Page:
Levy asks voters to buoy pool

Sean C. Morgan

School District 55 is asking voters to approve a local option levy to pay for the operational costs of the swimming pool in the upcoming May 15 election.

Local ballots are scheduled to be mailed on April 27.

The proposed levy is 32 cents per $1,000 of assessed value for two years.

The levy would raise an estimated $90,000 in 2012-13 and $90,900 in 2013-14.

The district and an aquatics committee were exploring the option of forming an aquatics district, but based on the impact to local option levies that fund the library and city and county law enforcement prompted the committee and district to look for a local option levy instead.

A local option levy imposed by the School District will not impact general government services, such as the library and law enforcement.

Instead, as the only local option levy among education districts in the Sweet Home area, it will be the first levy affected by property tax compression. Most revenue generation from the levy will be derived from properties that are not under compression.

Compression is levied taxes that are reduced based on property tax limitations. The maximum combined tax rate for education districts is $5 per $1,000 of real market valuation. Any property already in compression with education districts will not see an increase in taxes directly from the local option levy, although an increase in real market valuation of a compressed property will result in an increase.

“From our perspective, it’s just keeping the pool open,” said Bruce Davis, chairman of the aquatics committee. “That’s all the levy is designed to do.”

It will pay for water, heat, electricity, chemicals and an aquatics director, Davis said. Anything beyond that will need to be paid for through programming.

The pool is operating on minimal funding, through donations, some district funds and some city funds. Funding has been reduced in the past two years as part of the district’s effort to cut costs in the face of declining revenues.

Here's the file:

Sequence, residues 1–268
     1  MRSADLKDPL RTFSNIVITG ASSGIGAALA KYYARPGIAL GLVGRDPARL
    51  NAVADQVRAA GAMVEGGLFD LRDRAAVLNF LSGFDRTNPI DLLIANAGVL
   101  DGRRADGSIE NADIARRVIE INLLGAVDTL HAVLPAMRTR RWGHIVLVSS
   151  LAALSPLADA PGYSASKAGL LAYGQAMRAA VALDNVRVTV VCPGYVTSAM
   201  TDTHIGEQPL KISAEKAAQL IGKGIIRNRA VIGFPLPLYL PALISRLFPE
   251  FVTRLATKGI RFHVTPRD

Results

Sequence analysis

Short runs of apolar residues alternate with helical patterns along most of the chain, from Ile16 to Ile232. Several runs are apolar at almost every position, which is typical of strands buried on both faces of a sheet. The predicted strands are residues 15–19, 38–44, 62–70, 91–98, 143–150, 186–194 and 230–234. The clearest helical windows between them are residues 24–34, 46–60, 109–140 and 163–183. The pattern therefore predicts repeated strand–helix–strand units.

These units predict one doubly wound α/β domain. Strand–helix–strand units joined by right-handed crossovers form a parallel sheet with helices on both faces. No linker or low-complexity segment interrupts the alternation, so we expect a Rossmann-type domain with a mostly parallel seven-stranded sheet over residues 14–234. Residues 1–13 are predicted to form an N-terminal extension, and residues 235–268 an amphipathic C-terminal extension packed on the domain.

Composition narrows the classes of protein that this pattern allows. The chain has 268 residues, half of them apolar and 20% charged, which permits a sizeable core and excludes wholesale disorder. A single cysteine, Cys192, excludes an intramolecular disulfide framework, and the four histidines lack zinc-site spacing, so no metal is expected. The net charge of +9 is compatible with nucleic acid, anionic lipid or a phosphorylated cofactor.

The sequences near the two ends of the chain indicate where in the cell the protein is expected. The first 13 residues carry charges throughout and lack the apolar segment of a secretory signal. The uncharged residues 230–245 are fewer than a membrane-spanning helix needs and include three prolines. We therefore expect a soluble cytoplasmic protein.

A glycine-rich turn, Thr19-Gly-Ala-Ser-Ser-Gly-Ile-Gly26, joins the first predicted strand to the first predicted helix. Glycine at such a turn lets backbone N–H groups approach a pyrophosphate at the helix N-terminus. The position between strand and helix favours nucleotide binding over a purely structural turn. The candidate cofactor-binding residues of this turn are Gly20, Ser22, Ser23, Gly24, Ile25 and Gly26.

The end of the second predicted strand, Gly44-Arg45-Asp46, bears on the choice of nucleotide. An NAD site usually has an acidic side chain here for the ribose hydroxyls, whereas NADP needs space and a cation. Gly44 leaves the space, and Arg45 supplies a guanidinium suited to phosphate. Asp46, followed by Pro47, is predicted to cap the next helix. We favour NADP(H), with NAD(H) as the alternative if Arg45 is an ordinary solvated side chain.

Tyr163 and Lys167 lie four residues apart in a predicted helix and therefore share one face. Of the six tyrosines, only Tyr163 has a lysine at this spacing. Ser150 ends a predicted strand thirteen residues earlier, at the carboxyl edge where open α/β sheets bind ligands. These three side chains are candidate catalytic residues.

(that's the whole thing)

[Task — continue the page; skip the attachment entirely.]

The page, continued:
But the pool is important to the community, Davis said. It was occupied all day by students when it was fully funded. Seniors use it for therapy and exercise. It provides swim lessons in a community surrounded by water. It also has been and is home to successful swimming competitors.

“I grew up in that pool,” Davis said. “I took swim lessons there as a kid.”

Davis, who wound up earning a scholarship to swim at NCAA Division I-level University of Kansas, learned to swim competitively in the local pool, and his children are learning the same, he said.

More than that, it provides a chance to teach children how to swim, protecting them in local lakes and rivers.

Closing it “seems like we’re setting ourselves up for tragedy,” Davis said.

Many seniors cannot physically walk and exercise, he said. The pool gives them a place to go where they can get exercise, and it serves seniors almost every night. They use it for therapy, and it has helped make and keep its senior users healthy.

“The people that came and talked at the first board meeting said that the pool has saved their lives,” he said.

Competition is fun, he said, but for others, the pool is much more than that.

It’s also been a factor in the decisions of some people to move to Sweet Home, Davis said.